This page reflects a scholar's association with the Folger Institute.
“Biblical Readers and Renaissance Writers: Politics, Hermeneutics, and Literary Culture from Erasmus to Milton” (NEH, 2015–2016)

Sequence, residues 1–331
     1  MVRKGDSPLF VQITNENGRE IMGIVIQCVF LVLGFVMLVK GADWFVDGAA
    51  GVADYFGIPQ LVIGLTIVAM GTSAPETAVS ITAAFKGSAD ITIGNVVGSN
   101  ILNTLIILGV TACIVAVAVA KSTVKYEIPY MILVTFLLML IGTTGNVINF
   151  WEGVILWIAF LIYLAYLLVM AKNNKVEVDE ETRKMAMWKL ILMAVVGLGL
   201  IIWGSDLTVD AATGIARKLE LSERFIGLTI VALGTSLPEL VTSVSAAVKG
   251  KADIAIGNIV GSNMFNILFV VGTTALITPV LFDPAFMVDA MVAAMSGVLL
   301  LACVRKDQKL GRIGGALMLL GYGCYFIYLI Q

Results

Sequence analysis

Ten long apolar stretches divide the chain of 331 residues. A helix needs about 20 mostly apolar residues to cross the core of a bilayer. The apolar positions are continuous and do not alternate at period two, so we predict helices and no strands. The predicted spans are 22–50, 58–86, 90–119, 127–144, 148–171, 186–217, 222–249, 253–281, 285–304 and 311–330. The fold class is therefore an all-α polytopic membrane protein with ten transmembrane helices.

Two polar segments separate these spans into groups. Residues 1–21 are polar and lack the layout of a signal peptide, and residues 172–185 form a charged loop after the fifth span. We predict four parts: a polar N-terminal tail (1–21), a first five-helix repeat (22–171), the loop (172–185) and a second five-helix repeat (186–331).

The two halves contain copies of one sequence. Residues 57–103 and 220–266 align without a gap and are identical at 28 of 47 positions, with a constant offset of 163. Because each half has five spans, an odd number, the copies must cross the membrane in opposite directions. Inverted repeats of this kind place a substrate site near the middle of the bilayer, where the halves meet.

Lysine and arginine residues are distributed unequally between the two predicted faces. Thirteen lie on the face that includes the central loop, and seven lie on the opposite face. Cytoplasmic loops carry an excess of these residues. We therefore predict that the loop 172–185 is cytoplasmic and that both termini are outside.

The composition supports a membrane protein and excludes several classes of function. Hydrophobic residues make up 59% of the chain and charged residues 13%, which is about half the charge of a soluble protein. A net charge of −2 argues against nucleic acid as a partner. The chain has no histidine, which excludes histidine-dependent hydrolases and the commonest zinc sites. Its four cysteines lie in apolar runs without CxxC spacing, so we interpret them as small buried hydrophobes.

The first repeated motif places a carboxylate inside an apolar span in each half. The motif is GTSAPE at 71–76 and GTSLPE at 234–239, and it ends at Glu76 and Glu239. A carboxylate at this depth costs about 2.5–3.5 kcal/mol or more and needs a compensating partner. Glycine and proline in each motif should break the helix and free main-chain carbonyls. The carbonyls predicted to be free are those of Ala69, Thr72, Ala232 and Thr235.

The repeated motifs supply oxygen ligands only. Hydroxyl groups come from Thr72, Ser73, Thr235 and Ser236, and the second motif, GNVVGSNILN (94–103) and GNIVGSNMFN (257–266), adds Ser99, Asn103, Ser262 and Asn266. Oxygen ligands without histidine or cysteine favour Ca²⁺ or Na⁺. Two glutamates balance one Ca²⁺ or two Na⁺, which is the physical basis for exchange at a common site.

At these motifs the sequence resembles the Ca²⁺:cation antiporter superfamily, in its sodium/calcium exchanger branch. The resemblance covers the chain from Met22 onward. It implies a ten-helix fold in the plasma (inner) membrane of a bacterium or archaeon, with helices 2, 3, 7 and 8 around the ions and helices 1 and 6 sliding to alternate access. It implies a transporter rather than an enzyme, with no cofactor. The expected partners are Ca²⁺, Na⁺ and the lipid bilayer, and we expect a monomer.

Following the models of Tyndale and Erasmus, major writers of the English Renaissance frequently turned from reading and commenting on scripture to write political literature. My book project, Biblical Readers and Renaissance Writers, focuses on the practical and hermeneutic methods that informed this turn from reading to writing, and how literature engaged these methods. Looking closely at the annotations of Erasmus, Tyndale, and the immensely popular Geneva Bible, among others, my project traces the effect of biblical reading habits on the production of literary texts, such as Erasmus’s Education of a Christian Prince and his Annotations on the New Testament, Tyndale’s Obedience of a Christian Man, the work of Martin Bucer and English Bishops under Edward VI, the writings of Knox, Gilby, and other Genevan exiles during the reign of Mary I, Spenser’s Faerie Queene, Shakespeare’s Measure for Measure, and Milton’s prose tracts, psalm translations and Paradise Lost. I propose a new understanding of biblical interpretation and literary production, one that expands the practices of what we understand as “literalism” by exploring the actual interpretative habits of readers during the period. My research at the Folger will largely focus on reconstructing a practice-based history of biblical reading and reuse, looking not only at printed annotations such as those in the Geneva Bible, and other English Bibles, but also at manuscript annotations in Bibles and biblical literature, and at commonplace books that record passages from biblical and theological reading.